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Puerto Rico, its Control Board and the "Two-Step Plan" Story

posted by Mitu Gulati

It is rare that the ideas in academic articles fundamentally change the world. A package of pieces by Clay Gillette and David Skeel (starting with "Governance Reform and the Judicial Role in Bankruptcy" in 2014, followed by a NY Times Op Ed in 2015,  and concluding with "A Two-Step Plan for Puerto Rico" in 2016) have arguably done just that though. The context, as many slipsters have written about, was the enormous financial crisis that Puerto Rico has been mired in for multiple years now. The three Gillette-Skeel articles were the foundation for the institution of a federal control board to displace the local elected authorities in the Commonwealth of Puerto Rico and, in their place, run Puerto Rico's debt restructuring.

Oversimplifying, the idea is that there are occasions when an electoral system becomes so dysfunctional in its running of the local government's operation that a more command-based system needs to be put in place temporarily. Clay has an aptly titled piece "Dictatorships for Democracy" that also explicates this idea. In political economy terms, the problem that Clay and David attack in their pieces is the one where the local competition among electoral candidates is, for whatever reason, consistently delivering severely sub-optimal local governance -- a consistently bad electoral equilibrium that eventually produces a severe government bankruptcy. And the way to get out of the bad equilibrium, they argue, is a temporary dictatorship (aka control board) that is not beholden to the kinds of political interests that were causing the dysfunction.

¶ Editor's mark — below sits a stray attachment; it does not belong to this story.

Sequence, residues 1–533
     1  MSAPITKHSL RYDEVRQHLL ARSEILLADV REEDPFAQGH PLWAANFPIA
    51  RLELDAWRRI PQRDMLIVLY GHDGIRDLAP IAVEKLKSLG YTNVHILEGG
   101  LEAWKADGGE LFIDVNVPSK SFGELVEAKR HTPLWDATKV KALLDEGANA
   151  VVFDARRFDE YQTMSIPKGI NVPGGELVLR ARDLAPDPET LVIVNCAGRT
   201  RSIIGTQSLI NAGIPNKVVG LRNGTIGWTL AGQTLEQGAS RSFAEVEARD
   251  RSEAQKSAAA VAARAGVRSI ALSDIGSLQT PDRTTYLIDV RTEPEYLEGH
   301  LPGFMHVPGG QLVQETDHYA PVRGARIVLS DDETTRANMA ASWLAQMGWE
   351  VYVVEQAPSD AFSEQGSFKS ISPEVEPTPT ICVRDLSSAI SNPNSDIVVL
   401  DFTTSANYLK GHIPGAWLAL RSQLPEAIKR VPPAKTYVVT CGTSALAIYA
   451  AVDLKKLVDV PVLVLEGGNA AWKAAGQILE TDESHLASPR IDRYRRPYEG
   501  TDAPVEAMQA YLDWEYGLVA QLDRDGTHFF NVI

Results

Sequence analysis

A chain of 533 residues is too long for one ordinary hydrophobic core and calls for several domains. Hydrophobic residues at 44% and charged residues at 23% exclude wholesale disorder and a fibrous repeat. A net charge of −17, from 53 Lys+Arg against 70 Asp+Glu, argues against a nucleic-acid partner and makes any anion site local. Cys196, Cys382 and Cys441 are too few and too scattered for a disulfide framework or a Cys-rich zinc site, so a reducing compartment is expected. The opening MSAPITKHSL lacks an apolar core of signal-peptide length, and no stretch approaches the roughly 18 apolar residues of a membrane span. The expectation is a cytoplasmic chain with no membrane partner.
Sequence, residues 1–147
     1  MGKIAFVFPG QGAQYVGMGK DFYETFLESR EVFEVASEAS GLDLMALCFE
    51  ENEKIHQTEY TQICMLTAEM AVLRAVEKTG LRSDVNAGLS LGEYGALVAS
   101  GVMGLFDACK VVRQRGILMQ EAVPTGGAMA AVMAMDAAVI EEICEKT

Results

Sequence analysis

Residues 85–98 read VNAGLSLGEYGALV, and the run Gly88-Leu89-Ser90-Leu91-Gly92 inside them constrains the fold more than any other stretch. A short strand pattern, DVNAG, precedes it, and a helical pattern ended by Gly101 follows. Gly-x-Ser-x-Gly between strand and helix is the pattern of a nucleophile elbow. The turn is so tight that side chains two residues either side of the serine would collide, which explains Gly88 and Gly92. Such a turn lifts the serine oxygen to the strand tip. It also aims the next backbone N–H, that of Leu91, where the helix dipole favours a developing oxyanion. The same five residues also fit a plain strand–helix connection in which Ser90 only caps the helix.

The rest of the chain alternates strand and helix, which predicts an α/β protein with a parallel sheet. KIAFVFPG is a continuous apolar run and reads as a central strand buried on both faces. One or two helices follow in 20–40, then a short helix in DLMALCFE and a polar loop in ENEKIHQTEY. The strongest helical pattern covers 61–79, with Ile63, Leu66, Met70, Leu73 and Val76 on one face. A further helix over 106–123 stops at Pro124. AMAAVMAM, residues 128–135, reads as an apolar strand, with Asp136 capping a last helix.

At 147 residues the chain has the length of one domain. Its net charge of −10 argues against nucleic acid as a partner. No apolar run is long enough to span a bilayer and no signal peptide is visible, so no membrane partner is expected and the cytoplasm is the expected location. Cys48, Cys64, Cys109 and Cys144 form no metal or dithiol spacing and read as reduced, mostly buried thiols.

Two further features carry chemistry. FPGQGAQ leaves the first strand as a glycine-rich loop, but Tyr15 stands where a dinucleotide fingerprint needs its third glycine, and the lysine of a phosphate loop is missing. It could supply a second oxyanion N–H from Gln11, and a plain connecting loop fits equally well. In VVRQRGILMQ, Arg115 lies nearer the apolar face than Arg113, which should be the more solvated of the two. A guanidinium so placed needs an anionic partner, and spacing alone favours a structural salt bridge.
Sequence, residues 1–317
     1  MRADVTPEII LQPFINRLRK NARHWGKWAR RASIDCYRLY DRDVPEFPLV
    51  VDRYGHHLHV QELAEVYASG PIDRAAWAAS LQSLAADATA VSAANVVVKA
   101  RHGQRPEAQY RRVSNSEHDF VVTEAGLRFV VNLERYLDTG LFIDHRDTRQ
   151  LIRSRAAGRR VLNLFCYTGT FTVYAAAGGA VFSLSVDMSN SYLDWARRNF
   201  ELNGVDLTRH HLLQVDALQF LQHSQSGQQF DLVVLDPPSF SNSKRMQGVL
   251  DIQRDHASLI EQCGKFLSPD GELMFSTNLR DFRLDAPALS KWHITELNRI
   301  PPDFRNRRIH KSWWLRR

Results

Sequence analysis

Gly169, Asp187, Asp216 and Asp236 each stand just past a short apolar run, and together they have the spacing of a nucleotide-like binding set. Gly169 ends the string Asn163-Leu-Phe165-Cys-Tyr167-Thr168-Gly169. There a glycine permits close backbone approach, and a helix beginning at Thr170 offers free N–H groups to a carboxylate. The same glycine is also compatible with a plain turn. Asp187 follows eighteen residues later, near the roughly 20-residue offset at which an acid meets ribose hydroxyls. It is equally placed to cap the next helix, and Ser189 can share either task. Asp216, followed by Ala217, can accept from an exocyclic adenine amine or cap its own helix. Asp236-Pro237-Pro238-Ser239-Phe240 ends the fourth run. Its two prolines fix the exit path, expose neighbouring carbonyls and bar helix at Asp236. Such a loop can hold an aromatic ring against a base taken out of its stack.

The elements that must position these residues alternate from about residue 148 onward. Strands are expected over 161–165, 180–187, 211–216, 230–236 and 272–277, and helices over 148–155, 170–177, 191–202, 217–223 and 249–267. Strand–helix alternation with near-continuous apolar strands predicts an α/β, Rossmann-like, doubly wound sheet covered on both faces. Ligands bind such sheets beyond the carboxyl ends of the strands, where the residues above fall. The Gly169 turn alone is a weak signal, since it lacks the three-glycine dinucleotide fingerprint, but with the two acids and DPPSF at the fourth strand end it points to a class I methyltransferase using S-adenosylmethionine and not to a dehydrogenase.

The question of why the local government system in Puerto Rico produced such immense fiscal mismanagement is a complicated one.  I am inclined to put a big portion of the blame for bad governance on the fact that Puerto Rico has not been allowed to meaningfully govern itself in the same fashion as the states for over a century ("foreign in a domestic sense" and all that). That said, it is hard to argue with the observation that, whatever the reason, Puerto Rico seems to be stuck in a bad governance equilibrium that it needs to be pushed out of. And Clay and David have provided one solution that might just work. (My preferred solution would be that Puerto Rico be allowed meaningful governance rights at the federal level, but no one in Washington DC seems to be willing to give them that).

Two things got me thinking about their idea over the past few days, and induced me to write this post.  First, the hearing on the legal challenge to the constitutionality of the control board is coming up soon (based on a challenge from a NY hedge fund).  Second, there was an interesting article Simon Davis-Cohen of The Nation (a lengthy piece about Clay and David and their ideas) that appeared about a week or so ago. Davis-Cohen's article, to my mind, manages to be both admiring of the ideas and goals that Clay and David have and also question the whether they are appropriate in the Puerto Rican context.

Slipsters, who almost all know a great deal more than I do about these ideas, would probably trace these ideas back further to Mancur Olson's classic APSR piece in 1993, and to the bigger literature on optimal governance mechanisms. Joseph Blocher and I describe some of this literature here in an article on the "Market for Sovereign Control". The basic "bad governance equilibrium" question/problem Joseph and I were tackling there was similar to the one Clay and David take on, albeit in the sovereign context (and it is safe to say that no one is going to adopt our proposals anytime soon).  Slipsters, Anna G and Mark W, in a couple of superb pieces, point to flaws in our analysis here and here.

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